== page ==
Local film chronicles 'Mighty
by C. A. Gilman
A rapt audience previewed the screening of "Mighty Times:
The Legacy of Rosa Parks" at the Ojai Playhouse Monday.
Ojai filmmakers Robert Hudson and Bobby Houston produced and
directed the film, which is being distributed to more than 150,000
schools nationwide. "Mighty Times" is a rousing blend
of music, history and dramatic filmmaking.
The film portrays how Parks, a quiet black seamstress living
in Montgomery, Ala., refused give up her seat on a bus when bullied
by the driver. She had to be removed by the sheriff.
At that time blacks were separated from whites in buses, restaurants,
sidewalks, bathrooms, movie houses, entrances to buildings, etc.
What may not be as well known is that Rosa Parks was sitting
in the section reserved for "Coloreds," not whites.
When a white man needed a seat, the bus driver vacated four seats
occupied by black men in the "Coloreds" section so
that the white passenger might sit by himself. Parks didn't budge.
She had had enough.
When the sheriff took Parks off that bus, the black citizens
of Montgomery boycotted the buses and walked to their jobs for
more than a year. Mary Ann "Tweety" Woodard of Camarillo
who was in the audience on Monday said, "I grew up in Montgomery
when Rosa Parks was arrested. I was just a child then. They didn't
just boycott the buses, they boycotted everything: department
stores, movie theaters, restaurants, etc." Woodard is part
of the Fresh Anointing Gospel Singers, which will be singing
at the fund-raising screening on Sept. 15.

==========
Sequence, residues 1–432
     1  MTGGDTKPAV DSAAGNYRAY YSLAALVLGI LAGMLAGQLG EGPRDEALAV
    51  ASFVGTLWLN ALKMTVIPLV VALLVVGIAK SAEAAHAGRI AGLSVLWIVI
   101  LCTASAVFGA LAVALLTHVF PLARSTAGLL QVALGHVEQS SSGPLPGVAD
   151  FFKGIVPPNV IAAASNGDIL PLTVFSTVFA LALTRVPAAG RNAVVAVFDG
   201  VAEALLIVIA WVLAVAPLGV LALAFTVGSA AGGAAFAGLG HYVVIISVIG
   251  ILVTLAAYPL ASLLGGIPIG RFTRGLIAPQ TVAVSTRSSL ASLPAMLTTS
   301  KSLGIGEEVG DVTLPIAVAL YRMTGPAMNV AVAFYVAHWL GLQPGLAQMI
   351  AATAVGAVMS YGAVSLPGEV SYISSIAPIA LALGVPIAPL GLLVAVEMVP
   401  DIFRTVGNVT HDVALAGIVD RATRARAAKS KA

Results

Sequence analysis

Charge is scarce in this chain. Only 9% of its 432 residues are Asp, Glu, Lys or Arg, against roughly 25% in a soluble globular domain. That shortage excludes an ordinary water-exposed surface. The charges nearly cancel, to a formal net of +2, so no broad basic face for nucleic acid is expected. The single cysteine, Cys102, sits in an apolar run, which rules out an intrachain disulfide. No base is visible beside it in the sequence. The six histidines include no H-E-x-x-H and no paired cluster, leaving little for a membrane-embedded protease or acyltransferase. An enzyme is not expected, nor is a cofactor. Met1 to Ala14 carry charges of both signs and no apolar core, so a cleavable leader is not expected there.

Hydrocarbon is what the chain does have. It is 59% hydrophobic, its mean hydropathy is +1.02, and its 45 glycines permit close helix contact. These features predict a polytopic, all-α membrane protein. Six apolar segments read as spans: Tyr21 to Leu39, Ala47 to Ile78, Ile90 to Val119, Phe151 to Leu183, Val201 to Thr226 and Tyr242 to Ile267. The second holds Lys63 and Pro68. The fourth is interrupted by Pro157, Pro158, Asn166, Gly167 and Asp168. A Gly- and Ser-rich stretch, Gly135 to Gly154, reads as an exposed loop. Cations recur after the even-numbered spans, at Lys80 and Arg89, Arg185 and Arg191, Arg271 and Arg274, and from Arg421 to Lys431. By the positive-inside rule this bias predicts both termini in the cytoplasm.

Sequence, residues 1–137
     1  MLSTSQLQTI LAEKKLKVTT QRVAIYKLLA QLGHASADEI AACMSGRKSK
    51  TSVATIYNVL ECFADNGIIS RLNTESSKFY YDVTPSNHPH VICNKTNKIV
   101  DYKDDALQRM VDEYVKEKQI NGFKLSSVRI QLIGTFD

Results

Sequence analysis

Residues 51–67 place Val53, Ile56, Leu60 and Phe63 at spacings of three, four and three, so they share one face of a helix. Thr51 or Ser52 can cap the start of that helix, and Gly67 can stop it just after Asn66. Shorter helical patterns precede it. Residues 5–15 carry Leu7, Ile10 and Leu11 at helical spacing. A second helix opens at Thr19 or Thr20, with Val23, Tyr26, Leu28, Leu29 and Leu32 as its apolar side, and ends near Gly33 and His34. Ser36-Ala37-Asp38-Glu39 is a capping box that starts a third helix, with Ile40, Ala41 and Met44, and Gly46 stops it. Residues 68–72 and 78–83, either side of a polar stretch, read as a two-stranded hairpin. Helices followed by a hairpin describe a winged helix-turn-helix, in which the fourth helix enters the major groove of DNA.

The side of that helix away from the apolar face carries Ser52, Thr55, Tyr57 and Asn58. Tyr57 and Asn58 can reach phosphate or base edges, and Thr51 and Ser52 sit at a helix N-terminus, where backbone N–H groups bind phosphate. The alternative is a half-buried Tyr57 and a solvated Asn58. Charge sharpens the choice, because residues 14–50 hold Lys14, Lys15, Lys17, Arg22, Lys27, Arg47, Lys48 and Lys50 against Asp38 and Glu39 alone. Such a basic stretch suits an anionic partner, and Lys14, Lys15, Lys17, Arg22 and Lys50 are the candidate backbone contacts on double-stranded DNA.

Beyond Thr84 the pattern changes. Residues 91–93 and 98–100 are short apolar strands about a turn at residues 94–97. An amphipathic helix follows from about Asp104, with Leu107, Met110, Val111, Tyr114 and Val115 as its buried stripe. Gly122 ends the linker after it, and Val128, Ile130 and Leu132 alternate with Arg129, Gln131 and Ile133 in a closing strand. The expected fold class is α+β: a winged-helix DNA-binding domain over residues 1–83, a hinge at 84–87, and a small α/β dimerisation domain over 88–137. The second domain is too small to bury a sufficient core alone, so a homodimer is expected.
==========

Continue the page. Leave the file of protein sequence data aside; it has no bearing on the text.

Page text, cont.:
"Rosa Parks sparked the Second American Revolution,"
says producer Hudson. "Literally two days after her arrest,
Martin Luther King made his very first speech for civil rights.
By Monday morning, there were 50,000 people committed to nonviolent
protest. It all happened at once." Director Houston added,
"It's a truly amazing story, and we worked hard to dramatize
it on the screen."
Hudson said, "This film represents a community involvement.
We needed hundreds of extras, photos from the period, home movies
and singers. People came out of Santa Rosa and Camarillo to help.
Vince McGowan of Prime Time Casting in Oxnard was instrumental
in finding talent. We were based out of the parking lot behind
Regal's Liquors. Everything - bathrooms, food, dressing rooms,
vintage cars were there."
When asked where they got the footage, Houston said, "Right
here in Ojai and Santa Paula." Using vintage film stock
and cameras, the filmmakers created footage that was virtually
indistinguishable from the archival record.
Teaching Tolerance, a project of the Southern Poverty Law Center,
is distributing the film.
The fund-raising screening will be held Friday, Sept. 14 at 7
p.m. in Libbey Bowl. More than 3,000 invitations are being sent
throughout the Ventura and Santa Barbara counties to students
and teachers. Proceeds will benefit the Ojai Valley Youth Foundation
and the Ojai Film Festival 2002. The festivities will open with
gospel choirs from two counties and wrap up with a reception
at the Offices at the Pews on North Montgomery Street after the
For more information about the Teaching Tolerance program, go
© 2002 The Ojai Valley News
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ANN WOODARD, of Camarillo, talks about growing up in Montgomery,
Ala., during the days of Rosa Parks-sparked boycotts.